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Why does hot weather cause rail delays?

A train moves through heat haze in Ashford, Kent. Photo: PA

As the hottest weather so far this year hits parts of the UK, train passengers are being warned of further train delays caused by buckling rails.

Network Rail's extreme weather action teams are being activated across the country to monitor "vulnerable locations".

On Monday and Tuesday evening, travellers attempting to leave London Waterloo were met with long queues in the station and reported "hot trains not going anywhere".

But why does this happen?

Engineers examine a track that has buckled under the heat. Credit: Network Rail

When Britain enjoys a summer heatwave, steel rails exposed to direct sunshine can become 20°C hotter than the air temperature, according to Network Rail.

Because rails are made from steel, they expand as they get hotter, and can start to curve – the technical term is called 'buckling'.

When this happens, lines become impassable and close for repairs, which can't usually happen until temperatures drop again.

Most of the network can operate when track temperatures heat up to 46°C – roughly equivalent to air temperature of around 30°C – but rails have been recorded at temperatures as high as 51°C.

Managing director of England and Wales at Network Rail, Andy Thomas. Credit: Network Rail

Managing director of England and Wales at Network Rail, Andy Thomas, said: "Our engineers and specialist extreme weather teams are monitoring track-side temperatures and vulnerable location.

"We will, if necessary, introduce temporary speed restrictions during the hottest part of the day to keep trains running, albeit more slowly than normal."

The need to prevent problems also means there will be fewer trains, but this is better than causing a bigger problem and being unable to run any services say Mr Thomas.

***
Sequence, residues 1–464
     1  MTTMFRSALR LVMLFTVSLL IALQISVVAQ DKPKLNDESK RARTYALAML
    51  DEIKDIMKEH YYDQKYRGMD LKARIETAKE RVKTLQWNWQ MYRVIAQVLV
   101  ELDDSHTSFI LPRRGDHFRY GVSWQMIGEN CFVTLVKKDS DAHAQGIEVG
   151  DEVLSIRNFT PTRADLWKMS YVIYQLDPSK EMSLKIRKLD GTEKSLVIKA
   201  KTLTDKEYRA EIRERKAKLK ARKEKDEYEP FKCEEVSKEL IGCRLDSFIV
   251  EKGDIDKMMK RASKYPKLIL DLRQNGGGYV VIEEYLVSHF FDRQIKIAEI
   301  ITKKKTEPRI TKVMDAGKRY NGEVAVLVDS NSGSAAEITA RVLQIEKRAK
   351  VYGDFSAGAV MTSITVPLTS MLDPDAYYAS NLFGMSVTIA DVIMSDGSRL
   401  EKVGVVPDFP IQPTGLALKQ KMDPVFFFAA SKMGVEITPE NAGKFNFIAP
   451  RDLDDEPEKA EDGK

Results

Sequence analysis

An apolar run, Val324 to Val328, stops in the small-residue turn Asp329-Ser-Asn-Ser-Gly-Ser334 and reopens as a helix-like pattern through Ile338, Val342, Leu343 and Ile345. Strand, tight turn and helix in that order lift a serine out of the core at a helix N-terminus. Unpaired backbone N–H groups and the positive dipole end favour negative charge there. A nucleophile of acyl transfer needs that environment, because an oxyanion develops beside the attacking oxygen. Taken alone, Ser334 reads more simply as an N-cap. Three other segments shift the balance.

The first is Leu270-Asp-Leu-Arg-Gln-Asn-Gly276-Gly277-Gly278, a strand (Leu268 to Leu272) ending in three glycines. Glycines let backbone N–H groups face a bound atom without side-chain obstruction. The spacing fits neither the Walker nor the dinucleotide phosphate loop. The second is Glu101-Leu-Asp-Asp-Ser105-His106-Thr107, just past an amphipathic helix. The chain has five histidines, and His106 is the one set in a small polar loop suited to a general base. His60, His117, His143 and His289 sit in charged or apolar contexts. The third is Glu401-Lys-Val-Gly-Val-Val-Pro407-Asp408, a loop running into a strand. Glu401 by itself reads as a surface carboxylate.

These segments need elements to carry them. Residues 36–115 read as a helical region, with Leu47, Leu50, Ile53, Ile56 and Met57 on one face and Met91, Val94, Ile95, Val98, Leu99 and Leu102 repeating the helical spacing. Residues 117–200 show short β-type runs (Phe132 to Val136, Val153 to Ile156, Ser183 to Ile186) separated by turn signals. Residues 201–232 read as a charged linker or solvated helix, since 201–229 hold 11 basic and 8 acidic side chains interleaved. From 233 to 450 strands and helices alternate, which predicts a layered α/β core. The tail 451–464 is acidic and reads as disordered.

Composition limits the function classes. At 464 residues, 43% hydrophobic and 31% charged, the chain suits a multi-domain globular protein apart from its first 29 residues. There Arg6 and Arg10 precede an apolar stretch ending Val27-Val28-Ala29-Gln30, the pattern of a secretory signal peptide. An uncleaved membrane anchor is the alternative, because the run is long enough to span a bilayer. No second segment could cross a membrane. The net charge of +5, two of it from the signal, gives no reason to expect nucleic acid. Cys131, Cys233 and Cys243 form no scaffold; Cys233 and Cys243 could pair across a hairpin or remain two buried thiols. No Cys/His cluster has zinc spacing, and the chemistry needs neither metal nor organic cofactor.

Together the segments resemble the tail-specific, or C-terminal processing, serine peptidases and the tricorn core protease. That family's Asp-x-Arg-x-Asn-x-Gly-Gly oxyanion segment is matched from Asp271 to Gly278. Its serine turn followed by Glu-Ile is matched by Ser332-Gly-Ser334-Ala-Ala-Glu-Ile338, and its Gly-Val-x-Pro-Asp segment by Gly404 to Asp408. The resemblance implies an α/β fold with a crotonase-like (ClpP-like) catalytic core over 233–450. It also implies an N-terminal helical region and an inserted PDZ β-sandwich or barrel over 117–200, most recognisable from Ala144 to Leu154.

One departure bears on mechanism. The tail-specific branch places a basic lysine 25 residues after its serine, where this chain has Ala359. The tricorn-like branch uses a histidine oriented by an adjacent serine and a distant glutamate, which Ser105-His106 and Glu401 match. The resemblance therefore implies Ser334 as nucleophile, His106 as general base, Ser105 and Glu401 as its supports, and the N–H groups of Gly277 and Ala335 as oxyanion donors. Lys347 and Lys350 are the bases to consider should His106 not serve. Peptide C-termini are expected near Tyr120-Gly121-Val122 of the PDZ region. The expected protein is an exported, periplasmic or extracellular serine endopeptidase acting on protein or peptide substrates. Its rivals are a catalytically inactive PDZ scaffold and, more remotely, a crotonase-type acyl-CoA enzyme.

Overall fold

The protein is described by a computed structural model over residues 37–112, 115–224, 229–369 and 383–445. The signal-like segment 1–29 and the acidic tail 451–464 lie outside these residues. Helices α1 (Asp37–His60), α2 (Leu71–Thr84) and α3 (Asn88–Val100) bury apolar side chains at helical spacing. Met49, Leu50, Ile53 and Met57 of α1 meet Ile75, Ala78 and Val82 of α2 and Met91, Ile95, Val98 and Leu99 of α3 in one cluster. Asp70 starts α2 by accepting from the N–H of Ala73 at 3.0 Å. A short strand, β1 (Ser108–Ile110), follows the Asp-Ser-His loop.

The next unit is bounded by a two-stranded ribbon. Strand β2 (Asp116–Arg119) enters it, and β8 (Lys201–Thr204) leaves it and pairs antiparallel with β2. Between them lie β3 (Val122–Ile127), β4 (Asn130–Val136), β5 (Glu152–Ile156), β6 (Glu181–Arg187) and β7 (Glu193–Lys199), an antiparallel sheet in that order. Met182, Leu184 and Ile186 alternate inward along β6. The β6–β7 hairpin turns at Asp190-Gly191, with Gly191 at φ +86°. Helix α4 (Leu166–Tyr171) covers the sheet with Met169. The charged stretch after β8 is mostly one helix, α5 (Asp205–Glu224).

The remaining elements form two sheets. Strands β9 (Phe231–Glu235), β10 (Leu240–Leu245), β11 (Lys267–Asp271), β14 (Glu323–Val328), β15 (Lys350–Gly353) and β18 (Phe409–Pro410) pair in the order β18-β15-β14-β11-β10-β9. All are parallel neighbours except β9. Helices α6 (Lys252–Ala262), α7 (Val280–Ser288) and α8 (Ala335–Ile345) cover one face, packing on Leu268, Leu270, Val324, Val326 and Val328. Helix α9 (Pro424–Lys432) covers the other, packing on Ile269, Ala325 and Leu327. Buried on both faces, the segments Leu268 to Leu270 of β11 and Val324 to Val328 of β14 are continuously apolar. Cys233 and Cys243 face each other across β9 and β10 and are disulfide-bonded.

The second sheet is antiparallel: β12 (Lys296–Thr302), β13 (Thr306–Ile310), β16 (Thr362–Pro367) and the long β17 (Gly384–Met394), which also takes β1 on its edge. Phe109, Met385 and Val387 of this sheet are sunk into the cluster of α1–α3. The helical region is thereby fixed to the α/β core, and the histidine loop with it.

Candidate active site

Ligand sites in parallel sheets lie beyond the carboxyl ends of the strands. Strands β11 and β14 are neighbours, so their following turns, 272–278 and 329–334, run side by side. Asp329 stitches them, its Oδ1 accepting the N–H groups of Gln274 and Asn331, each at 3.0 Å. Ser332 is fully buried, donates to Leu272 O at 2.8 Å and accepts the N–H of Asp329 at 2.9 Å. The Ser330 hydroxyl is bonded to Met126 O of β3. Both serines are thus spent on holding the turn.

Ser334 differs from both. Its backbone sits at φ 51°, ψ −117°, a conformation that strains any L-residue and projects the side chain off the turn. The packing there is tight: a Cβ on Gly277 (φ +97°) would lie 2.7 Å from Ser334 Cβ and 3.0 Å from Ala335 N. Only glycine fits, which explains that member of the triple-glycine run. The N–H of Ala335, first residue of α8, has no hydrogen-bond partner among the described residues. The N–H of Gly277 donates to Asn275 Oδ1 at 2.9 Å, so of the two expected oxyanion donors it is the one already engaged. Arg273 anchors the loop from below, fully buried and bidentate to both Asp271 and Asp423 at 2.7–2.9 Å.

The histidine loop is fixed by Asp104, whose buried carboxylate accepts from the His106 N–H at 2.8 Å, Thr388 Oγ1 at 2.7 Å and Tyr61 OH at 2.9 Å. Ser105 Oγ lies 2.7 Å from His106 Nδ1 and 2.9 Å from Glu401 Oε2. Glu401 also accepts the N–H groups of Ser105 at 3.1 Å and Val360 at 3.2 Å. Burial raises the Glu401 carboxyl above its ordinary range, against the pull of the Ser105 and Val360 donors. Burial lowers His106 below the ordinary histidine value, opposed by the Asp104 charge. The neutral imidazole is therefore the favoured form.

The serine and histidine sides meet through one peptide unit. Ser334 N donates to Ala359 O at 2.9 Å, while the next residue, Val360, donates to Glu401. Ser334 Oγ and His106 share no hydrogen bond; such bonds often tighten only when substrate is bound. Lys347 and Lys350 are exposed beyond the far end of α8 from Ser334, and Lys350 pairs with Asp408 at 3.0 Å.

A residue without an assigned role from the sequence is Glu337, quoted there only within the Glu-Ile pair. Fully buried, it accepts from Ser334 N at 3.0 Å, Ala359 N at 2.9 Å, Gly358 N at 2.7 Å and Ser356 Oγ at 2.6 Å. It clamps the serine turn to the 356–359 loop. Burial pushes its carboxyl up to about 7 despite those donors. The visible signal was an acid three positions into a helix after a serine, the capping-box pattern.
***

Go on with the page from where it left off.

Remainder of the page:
How did the UK deal with it in the past?

In the past, the UK coped with extreme heat by leaving gaps along the line. Credit: PA

In the past, the UK's main system of coping with extreme heat involved leaving gaps, known as expansion joints, along the line, allowing rails to slide past each other as they expand.

This meant trains were noisy and gave bumpy rides.

Nevertheless, jointed rail were only set up for the 40°C temperature range so even if they were still in place today, engineers would be having to take similar action.

What are we doing now to fix the problem?

Under the replacement system, to prevent buckling the track is "pre-stressed" or stretched and continuously welded.

Only when it gets unusually hot does the metal expand enough to pose a risk of rails pushing together and buckling.

Parts of the rail are painted white so they absorb less heat – and expand less.

Typically, a rail painted white is 5°C to 10°C cooler than one left unpainted.

The UK uses pre-stressed continuous welded tracks. Credit: PA

Why doesn't it happen in other countries?

Well truth be told they have big difficulties with it too and the solution entails costs that wouldn't be justified in the UK.

Japan, Austria, and other countries use "slab track" - where rails are laid on reinforced concrete slabs, holding them more rigidly - to varying extents.

It's also used in the section of the Eurotunnel which runs under the English Channel.

But Network rail estimates slab tracks costs approximately four times as much to install when compared to standard ballasted tracks.

Some countries who experience extremes in temperature that affect their railway adjust their rails between summer and winter, or have other measures in place to manage the effects over the long term.

However, Network Rail said it wouldn't be practical nor cost effective to implement the same measures permanently across Britain.